Презентация на тему: " HYDROLOGY Hydrology is the science that encompasses the occurrence, distribution, movement and properties of the waters of the earth and their relationship." — Транскрипт:
HYDROLOGY Hydrology is the science that encompasses the occurrence, distribution, movement and properties of the waters of the earth and their relationship with the environment within each phase of the hydrologic cycle. The hydrologic cycle is a continuous process by which water is purified by evaporation and transported from the earth's surface (including the oceans) to the atmosphere and back to the land and oceans.
All of the physical, chemical and biological processes involving water as it travels its various paths in the atmosphere, over and beneath the earth's surface and through growing plants, are of interest to those who study the hydrologic cycle.
There are many pathways the water may take in its continuous cycle of falling as rainfall or snowfall and returning to the atmosphere. It may be captured for millions of years in polar ice caps. It may flow to rivers and finally to the sea. It may soak into the soil to be evaporated directly from the soil surface as it dries or be transpired by growing plants. It may percolate through the soil to groundwater reservoirs (aquifers) to be stored or it may flow to wells or springs or back to streams by seepage. They cycle for water may be short, or it may take millions of years.
HYROLOGIST The hydrologist studies the fundamental transport processes to be able to describe the quantity and quality of water as it moves through the cycle (evaporation, precipitation, streamflow, infiltration, groundwater flow, and other components).
SURFACE WATER Most cities meet their needs for water by withdrawing it from the nearest river, lake or reservoir. Hydrologists help cities by collecting and analyzing the data needed to predict how much water is available from local supplies and whether it will be sufficient to meet the city's projected future needs. To do this, hydrologists study records of rainfall, snowpack depths and river flows that are collected and compiled by hydrologists in various government, agencies. They inventory the extent river flow already is being used by others.
Groundwater Groundwater, pumped from beneath the earth's surface, is often cheaper, more convenient and less vulnerable to pollution than surface water. Underground reservoirs contain far more water than the capacity of all surface reservoirs and lakes, including the Great Lakes. In some areas, groundwater may be the only option. Some municipalities survive solely on groundwater. Hydrologists estimate the volume of water stored underground by measuring water levels in local wells and by examining geologic records from well-drilling to determine the extent, depth and thickness of water-bearing sediments and rocks.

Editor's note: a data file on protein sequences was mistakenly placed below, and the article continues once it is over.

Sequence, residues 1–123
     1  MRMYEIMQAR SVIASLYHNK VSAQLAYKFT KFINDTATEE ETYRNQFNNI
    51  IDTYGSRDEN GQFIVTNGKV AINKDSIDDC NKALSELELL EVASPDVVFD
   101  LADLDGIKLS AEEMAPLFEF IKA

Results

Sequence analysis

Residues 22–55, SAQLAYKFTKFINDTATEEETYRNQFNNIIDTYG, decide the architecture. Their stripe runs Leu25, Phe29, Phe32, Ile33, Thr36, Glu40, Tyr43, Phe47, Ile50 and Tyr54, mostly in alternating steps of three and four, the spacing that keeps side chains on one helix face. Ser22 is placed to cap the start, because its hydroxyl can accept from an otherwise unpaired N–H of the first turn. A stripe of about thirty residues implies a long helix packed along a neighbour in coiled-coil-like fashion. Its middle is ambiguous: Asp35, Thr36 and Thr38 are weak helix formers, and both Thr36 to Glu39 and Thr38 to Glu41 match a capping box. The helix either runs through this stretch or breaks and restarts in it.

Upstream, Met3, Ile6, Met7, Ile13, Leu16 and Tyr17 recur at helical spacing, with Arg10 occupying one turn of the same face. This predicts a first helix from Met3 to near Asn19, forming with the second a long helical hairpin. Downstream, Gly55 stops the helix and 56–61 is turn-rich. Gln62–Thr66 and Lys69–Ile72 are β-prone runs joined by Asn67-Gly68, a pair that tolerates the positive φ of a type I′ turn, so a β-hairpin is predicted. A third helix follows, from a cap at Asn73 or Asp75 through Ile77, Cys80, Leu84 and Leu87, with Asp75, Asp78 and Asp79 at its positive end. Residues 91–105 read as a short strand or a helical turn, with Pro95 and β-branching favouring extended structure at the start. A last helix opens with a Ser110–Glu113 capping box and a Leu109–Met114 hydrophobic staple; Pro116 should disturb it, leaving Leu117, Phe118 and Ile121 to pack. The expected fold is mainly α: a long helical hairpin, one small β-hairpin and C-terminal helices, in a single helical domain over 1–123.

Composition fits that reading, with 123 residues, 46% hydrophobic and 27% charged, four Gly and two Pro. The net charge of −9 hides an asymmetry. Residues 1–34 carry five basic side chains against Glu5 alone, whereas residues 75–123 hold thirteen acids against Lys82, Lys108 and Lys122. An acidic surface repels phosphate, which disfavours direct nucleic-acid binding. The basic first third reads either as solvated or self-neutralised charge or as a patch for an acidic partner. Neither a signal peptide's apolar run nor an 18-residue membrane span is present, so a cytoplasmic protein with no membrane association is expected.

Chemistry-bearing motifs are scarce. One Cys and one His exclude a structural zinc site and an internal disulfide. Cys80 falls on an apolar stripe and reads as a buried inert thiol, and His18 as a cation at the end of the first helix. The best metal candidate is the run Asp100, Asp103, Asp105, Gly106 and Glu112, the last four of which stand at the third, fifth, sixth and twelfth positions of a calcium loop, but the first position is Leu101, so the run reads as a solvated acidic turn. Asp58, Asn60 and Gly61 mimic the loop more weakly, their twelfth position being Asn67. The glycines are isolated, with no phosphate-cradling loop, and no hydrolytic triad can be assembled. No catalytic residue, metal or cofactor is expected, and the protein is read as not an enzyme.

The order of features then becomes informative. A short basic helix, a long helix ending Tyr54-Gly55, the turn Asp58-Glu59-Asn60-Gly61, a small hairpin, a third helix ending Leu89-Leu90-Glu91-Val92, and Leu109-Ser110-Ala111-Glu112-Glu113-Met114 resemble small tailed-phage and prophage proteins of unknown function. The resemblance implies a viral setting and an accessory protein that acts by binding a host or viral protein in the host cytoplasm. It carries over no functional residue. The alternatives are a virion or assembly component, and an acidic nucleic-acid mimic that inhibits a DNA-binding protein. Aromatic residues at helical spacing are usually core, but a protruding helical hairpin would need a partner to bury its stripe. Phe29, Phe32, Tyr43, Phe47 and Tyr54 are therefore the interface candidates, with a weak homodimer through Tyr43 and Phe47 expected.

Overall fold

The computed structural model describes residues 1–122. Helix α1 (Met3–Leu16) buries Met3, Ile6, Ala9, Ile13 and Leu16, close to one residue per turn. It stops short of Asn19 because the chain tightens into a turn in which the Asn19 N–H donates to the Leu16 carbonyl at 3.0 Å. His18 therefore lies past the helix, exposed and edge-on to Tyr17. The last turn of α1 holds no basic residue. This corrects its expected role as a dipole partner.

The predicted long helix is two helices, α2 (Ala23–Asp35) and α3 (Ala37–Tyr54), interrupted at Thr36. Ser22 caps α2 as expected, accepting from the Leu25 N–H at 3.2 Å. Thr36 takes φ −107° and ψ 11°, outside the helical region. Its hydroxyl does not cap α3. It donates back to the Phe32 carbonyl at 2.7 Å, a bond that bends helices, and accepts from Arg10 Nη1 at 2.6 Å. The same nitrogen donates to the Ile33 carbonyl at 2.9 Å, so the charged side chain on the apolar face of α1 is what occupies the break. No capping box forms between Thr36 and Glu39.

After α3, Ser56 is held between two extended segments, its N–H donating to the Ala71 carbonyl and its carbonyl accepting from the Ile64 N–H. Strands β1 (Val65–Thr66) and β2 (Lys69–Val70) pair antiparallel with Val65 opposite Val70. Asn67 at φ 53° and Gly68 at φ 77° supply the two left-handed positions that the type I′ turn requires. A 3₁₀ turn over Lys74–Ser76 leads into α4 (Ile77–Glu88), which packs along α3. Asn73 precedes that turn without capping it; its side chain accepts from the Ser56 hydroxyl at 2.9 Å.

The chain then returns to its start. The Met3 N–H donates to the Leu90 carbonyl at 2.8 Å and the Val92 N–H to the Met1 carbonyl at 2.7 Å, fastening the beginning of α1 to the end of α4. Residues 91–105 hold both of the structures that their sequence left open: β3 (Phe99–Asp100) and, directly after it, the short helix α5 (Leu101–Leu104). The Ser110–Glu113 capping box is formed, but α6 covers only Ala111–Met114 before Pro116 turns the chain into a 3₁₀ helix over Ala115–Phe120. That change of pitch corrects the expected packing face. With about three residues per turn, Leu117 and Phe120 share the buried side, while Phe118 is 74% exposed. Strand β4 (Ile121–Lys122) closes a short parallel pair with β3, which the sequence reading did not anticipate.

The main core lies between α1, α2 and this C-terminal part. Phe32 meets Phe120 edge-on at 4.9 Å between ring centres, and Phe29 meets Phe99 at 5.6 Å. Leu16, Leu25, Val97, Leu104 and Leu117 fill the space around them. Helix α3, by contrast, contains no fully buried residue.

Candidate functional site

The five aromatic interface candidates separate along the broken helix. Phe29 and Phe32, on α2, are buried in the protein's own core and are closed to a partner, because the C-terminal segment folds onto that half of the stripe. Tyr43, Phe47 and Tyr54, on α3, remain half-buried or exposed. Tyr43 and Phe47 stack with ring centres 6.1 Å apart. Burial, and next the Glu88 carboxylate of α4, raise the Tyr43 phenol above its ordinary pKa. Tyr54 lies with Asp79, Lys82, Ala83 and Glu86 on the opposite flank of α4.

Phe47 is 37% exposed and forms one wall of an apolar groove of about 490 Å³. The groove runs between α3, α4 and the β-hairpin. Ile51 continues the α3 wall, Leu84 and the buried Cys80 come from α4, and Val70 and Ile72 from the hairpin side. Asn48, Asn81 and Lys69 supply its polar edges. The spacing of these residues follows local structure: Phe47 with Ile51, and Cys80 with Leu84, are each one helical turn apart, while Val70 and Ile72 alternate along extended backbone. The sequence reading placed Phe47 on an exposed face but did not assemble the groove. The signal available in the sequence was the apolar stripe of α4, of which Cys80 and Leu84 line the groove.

Extreme Environments These can include temperature (high or low), pressure, acid or alkali and high salts.
DEEP SEA Open ocean the photic zone can extend to 300m, causing a good deal of biological growth down to 1,000m. Below this level (75% of ocean volume) the biological activity is less. 3 problems are faced Low temperature below 1,000m it is a constant C High pressure 1 atm/10m. eg at 1,000m it is? Low nutrient levels Phytoplankton falls to the sea bed as marine snow which is seasonal following growth. The journey down takes over 1 month and 99% is already decomposed. Below 100m the bacteria are psychrophilic. Some bacteria isolated are barotolerant (down to ~ 300m), grow at atmospheric pressure, will not grow above 500atm.
Growth at cold temperatures. Psychrophile opt growth below 15 0 C and max below 20 0 C, grows at 0 0 C. Psychrotolerant grows at 0 0 C but opt C. Psychrophiles found in any permanently cold environment, can be rapidly killed by room temp. Best known are algae that grow in the bottom of sea ice in polar regions. Growing in summer months on the bottom of ice ~ 2m thick. In summer months also get alga growing under the surface of snowfields and glaciers giving it a red or green colour.
Hydrothermal Vents. Associated with moving tectonic plates on the ocean floor. Hot basalt and magma near the sea floor. Seawater seeping into it becomes superheated and rich in minerals. Two types of vents. Warm vents C and hot vents. Hot vents emit at C. The mineral rich liquid forms black smokers as the mineral rich liquid mixes with cold water.
Organisms have optimum pH values for growth. Most microorganisms are neutrophiles pH opt Bacteria cannot survive if the internal pH drops below ~ 5.0. Acidophiles must maintain an internal pH above this or their proteins will denature. There membranes can be impermeable to protons. Thiobacillus are important acidophiles that oxidise sulphide minerals generating sulphuric acid, they are used to help leach Cu from low grade ore. They cause environmental problems of acid mine drainage from coal mining waste, acid and dissolved metals are toxic. They need air to oxidise the pyrite, so coal below the surface is OK. Cyanidium caldarum and Sulfolabus acidocaldarius live in acidic hot springs.
Osmotic – Halophiles. The water availability (activity) is also dept. on the conc. of solutes. The cytoplasm of cells usually has a higher solute conc. than the surrounding media so water tends to move in, balanced by cell wall.. Seawater 3.5%, marine organisms have a requirement for Na+. At high solute conc. water will tend to move out Mild halophile 1-6% Moderate 6-15% Extreme halophile 15-30% Organisms cope by using internal solutes, often organic compounds like glycine betaine, proline or glycerol to balance the osmotic pressure without damaging proteins or K+ (Halobacterium).